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Vincie Cultural Group – Brooklyn donates to seven local clinics

Vincie Cultural Group – Brooklyn donates to seven local clinics

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Seven health clinics around the country received a quantity of medical supplies, compliments the United Vincie Cultural Group of Brooklyn last Friday, October 26.{{more}}

This is the third donation by the US based group since its formation in 2003 and brings the number of clinics that have benefitted from the initiative to 18.

Clinics in Barrouallie, Enhams, Mesopotamia, Richland Park, Rose Hall, Sion Hill and South Rivers were the recipients of a number of medical items including beds and wheel chairs.

Dr Sherian Slater, Chief Medical Officer (Ag) said that the partnership between the local health sector and the group is a welcomed initiative now, as the sector is undergoing some improvements.

She added that the donation is especially welcomed, because she had only served in the capacity of CMO for less than a week and already she has had to deal with a number of complaints.

Senior Nursing Officer in the Department of Mental Health Peggy Da Silva also expressed her gratitude for the donation of the supplies.

She commented on the extent of the work done so far, saying that the thoughtfulness of the group would allow for the people of St Vincent and the Grenadines to access health care.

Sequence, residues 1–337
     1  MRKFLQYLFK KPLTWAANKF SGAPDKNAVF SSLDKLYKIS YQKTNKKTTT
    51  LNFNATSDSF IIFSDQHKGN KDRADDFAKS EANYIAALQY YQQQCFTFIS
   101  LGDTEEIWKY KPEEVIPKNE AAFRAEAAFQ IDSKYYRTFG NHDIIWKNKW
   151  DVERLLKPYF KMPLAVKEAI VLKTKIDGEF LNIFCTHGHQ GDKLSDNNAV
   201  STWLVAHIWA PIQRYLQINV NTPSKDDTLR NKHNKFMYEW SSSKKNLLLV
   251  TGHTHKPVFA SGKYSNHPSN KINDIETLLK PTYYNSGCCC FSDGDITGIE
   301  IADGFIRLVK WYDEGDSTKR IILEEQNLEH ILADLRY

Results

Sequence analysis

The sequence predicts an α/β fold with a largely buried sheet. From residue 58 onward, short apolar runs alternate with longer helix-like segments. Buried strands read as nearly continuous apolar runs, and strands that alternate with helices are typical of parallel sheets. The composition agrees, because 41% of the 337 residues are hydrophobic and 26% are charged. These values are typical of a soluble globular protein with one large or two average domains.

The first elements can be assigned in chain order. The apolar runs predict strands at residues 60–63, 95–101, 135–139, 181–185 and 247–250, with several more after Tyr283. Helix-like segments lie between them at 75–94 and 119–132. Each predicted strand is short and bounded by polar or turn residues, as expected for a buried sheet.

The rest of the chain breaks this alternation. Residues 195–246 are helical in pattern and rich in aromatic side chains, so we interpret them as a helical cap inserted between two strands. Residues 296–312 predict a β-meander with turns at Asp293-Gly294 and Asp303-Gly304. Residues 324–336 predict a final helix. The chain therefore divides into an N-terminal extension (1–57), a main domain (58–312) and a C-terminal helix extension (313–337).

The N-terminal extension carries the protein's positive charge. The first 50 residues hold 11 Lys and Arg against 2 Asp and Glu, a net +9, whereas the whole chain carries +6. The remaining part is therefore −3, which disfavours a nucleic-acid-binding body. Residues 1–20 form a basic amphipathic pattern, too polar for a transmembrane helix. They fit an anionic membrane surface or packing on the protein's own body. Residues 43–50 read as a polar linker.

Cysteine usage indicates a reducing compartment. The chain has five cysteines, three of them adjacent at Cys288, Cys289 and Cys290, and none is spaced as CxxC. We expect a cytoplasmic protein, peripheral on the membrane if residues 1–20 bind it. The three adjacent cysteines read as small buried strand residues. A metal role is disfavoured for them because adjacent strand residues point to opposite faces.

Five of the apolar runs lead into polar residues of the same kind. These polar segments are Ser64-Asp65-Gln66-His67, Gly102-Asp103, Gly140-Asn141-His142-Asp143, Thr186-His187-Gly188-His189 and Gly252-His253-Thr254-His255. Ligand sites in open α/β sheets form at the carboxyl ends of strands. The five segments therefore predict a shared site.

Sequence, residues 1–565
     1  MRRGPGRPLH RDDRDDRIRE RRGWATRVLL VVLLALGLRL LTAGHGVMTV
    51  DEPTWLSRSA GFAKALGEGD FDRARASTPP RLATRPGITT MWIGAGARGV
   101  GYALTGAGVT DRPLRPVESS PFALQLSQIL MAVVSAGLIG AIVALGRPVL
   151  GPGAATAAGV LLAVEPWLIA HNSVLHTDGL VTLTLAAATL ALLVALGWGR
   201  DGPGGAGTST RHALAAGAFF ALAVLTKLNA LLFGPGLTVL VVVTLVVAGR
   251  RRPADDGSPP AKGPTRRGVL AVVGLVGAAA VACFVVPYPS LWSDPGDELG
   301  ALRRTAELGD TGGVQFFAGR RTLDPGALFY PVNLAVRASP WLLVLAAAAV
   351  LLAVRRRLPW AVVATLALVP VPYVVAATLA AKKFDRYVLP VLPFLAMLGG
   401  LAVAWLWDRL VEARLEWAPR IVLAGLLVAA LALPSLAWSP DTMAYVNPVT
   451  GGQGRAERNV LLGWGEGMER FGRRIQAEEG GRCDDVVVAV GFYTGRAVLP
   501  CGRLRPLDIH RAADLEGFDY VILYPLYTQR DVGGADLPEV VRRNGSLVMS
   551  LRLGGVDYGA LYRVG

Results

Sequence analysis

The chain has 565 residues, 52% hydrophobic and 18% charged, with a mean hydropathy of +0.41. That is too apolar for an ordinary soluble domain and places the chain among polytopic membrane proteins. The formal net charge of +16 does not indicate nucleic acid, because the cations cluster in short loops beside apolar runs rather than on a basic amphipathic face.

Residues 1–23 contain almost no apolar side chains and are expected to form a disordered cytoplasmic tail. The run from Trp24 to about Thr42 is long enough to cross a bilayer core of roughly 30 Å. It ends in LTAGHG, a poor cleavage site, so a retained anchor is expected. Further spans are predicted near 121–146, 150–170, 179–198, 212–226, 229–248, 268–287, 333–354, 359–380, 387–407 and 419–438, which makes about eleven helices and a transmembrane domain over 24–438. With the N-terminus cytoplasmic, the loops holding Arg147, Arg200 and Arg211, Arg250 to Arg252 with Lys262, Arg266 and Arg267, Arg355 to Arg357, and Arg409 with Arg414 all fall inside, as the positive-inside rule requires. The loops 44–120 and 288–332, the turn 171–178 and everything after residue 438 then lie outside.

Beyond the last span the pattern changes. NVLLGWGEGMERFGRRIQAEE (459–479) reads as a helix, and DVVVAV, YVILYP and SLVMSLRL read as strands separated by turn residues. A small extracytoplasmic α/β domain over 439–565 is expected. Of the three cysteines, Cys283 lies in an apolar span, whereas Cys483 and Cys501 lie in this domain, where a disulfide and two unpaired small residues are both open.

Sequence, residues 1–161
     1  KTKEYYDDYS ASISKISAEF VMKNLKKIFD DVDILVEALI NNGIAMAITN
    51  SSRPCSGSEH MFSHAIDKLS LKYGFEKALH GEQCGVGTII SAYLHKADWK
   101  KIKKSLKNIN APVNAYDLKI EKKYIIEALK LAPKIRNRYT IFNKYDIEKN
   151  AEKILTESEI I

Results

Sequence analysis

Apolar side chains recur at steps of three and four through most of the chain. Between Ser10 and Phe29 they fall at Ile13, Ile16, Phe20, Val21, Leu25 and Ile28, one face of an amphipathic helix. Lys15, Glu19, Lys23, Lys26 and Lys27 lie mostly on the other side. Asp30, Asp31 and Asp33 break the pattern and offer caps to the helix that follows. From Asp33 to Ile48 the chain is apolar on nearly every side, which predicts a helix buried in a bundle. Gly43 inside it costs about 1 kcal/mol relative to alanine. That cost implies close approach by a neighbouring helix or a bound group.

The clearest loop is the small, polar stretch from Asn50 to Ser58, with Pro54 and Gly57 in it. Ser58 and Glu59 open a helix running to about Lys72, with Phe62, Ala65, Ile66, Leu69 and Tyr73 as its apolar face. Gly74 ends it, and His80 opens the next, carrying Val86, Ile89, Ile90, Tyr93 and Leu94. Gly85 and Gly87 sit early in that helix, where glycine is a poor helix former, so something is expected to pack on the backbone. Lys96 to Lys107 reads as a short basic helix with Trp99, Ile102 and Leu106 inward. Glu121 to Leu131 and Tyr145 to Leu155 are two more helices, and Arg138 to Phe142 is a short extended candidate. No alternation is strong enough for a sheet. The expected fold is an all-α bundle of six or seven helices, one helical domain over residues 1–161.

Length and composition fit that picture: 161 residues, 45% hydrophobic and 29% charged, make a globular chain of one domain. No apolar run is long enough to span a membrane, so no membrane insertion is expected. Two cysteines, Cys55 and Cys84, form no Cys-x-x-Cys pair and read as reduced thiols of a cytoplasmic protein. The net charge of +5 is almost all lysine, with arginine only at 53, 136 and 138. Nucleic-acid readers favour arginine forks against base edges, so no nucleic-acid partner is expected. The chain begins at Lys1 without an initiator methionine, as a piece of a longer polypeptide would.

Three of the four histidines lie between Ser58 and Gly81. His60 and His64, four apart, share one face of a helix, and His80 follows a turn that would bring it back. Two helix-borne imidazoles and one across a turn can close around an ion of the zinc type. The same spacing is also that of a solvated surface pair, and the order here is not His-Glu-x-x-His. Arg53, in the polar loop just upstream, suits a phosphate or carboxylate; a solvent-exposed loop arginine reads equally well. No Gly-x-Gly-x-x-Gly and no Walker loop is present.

“Your thoughtfulness will ensure that patients will get better attention from a happier nurse,” Da Silva said.

“They are a very educated group and have gone out to ensure that they know what the needs are in St Vincent and the Grenadines,” former Consul General Cosmos Cozier said.

He added that he has had a long association with the group while serving in the US and described the hard work put in by this organisation.

This prompted him to speak about a concern of his, in relation to the lengthy process involved in getting charitable items into the country.

“We would like to see some of the red tape cut down,” Cozier said.

“Sometimes we wonder if we are foreigners,” he continued.

Cozier, in his presentation said that it was important for the locals to be appreciative when they reflect on the amount of money that has been spent and the effort put in by members of the group to journey to St Vincent to hand over the items in person.

He commended them for their good work and for their continued contribution.

Head of the organisation Dr Roxie Irish said that the experience was very humbling for members of the group to be chosen as servants.

“This is not a chore; it’s a God given assignment and we have to complete it,” Irish said during her brief remarks.

She commended the local nursing staff, saying that she admired their commitment, although they often worked with limited resources.

“But they are making a difference,” she said.

The group was formed nine years ago and has now grown to 35 members, some of whom are children.

The focus of the group is to provide medical assistance to those in need, with special emphasis on supplies for the various clinics on the island.(DD)

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